— My first professional job was designing a fashion magazine from 2005 to 2009. This is where I met my first mentor and learnt most of what I know about typesetting and art direction. However my first really big project of my own was when I opened my design studio in 2010. We created an in-store magazine for a really big highstreet retailer here in the UK. We spent two weeks working on the pitch and I think part of our approach was to put all of our fee back into the production of the magazine to ensure we could get the best possible content and print finishing. Not something I would recommend from a financial point of view but it won us the job and we ended up working on the zine for two and half years – it was a lot of fun and in many ways still some of my fondest work memories.
— Are there any principles you always stick to while working?
— Always try to boil ideas down to their simplest possible form. Always use the grid. Always check over your work thoroughly before you send off. Be reliable. Get back to emails and correspondents as quickly as you can. Never do anything for free. Don’t be precious about your work – I like to say ‘your best idea is your next idea’, always evolving, pushing and developing my aesthetic is a fundamental part of my practice and healthy way to keep things new and fresh.
— And speaking about the motivation stuff – what inspired you?
— The thing that inspires me most is a good idea. The kind of ideas you think ‘I wish I thought of that’. It’s especially inspiring to seeing my peers or friends coming up with great stuff, that is particularly motivating for me.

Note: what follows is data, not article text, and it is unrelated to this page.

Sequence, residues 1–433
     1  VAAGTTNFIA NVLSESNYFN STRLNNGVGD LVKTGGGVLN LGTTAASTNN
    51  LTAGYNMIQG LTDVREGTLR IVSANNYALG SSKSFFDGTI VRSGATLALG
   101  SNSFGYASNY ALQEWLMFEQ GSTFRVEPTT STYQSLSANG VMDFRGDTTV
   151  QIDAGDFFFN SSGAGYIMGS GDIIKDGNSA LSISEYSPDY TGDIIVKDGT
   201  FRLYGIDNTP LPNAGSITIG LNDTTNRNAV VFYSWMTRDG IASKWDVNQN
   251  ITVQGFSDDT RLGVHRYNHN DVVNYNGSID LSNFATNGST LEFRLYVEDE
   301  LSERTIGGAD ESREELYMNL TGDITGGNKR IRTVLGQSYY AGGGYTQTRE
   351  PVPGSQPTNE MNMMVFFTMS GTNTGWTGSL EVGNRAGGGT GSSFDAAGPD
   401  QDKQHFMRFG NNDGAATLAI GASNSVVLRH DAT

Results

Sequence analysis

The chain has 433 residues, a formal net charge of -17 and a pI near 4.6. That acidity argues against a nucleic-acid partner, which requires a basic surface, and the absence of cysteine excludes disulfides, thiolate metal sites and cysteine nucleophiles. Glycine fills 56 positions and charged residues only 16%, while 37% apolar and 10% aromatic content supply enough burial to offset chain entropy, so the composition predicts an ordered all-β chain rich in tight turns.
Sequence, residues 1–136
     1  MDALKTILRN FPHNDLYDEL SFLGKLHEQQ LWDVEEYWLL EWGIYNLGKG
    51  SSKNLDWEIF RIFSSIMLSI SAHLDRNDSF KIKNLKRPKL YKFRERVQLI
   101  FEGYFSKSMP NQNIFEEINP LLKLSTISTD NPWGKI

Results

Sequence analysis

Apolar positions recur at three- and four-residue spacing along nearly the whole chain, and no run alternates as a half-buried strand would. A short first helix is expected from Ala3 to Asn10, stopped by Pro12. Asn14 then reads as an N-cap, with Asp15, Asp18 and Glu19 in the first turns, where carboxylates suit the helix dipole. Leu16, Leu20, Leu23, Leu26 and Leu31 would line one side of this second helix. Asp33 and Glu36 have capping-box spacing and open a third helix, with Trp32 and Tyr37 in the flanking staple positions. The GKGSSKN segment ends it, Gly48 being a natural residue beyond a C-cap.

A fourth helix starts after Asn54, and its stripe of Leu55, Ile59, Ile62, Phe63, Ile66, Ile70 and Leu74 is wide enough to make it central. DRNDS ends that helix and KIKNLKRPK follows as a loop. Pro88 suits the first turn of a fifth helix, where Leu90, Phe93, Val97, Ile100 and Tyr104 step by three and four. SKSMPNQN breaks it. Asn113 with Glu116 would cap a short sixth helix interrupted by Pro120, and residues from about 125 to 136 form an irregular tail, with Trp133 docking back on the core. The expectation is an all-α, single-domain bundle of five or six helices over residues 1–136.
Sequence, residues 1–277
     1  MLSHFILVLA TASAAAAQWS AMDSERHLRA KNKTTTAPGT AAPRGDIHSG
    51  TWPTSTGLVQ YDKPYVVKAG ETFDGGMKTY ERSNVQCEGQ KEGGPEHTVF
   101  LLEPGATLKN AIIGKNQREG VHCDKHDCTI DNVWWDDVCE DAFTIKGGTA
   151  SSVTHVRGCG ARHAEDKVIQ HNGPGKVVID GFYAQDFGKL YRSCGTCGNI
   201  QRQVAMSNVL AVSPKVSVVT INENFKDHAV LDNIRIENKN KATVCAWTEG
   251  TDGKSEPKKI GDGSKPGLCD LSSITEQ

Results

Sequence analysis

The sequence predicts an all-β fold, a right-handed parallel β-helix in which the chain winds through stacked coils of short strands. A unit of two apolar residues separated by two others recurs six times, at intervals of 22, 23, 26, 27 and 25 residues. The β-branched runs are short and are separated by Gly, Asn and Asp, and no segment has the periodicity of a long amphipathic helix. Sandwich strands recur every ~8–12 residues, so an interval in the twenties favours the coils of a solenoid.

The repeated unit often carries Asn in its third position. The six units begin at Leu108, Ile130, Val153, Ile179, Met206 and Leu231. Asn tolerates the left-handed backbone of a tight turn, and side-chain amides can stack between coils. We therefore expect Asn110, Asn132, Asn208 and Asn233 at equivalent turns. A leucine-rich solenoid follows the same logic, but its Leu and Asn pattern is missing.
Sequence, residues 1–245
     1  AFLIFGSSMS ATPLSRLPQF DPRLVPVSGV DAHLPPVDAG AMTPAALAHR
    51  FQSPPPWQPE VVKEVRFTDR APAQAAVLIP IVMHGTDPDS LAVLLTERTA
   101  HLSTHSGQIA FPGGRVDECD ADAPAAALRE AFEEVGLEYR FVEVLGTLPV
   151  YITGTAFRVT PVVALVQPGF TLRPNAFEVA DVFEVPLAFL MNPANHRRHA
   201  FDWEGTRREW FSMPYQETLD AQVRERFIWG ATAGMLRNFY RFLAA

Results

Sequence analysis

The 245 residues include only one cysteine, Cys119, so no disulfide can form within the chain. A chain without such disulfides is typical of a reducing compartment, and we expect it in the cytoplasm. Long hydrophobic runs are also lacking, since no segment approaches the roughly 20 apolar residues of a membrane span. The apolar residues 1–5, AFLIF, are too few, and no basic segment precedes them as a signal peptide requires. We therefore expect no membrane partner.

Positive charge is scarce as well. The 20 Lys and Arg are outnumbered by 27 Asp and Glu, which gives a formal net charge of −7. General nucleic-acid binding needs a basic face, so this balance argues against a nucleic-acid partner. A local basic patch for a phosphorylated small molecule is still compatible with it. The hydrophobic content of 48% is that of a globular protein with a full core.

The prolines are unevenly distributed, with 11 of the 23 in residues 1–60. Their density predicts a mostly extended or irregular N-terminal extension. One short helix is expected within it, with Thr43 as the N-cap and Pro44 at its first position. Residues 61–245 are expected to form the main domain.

— Life is not an easy ride, especially for an artistic soul. What advice can you give to those people who lost their focus?
— It may sound weird but try not to look too much at other peoples work for inspiration. It’s really important to go on your own journey with your work and try develop your own ideas bit by bit. What makes you unique as a person are the same exact things that will make your work different and unique. Try to work your own personal interests and character into your practice as much as possible. Plagiarism is an epidemic at the moment, coming from a graffiti background, it’s fundamental to me be original and come up with your own style and ideas. The internet has made it easy to see something and just give it a go, but without the genuine personal discovery behind the style or relevant lateral thinking around the concept or brief you’ll end up reflecting a mish-mash of someone else’s personality and your work will end up being vacuous, insincere and in-cohesive.
— Have you developed any personal hobbies?
— Since I was 12 my other main love has alway been graffiti. For many years my graphic design and graffiti has been separate and like two very different aspects of my life. Recently however they have very much began to inform each other and now my wall and gallery work is very much a combination of the two.
— Can you unfold to us your plans for the future?
— More gallery and studio work. More travel and large scale murals. More hunting for interesting places to paint my graffiti and as little time on the computer as possible.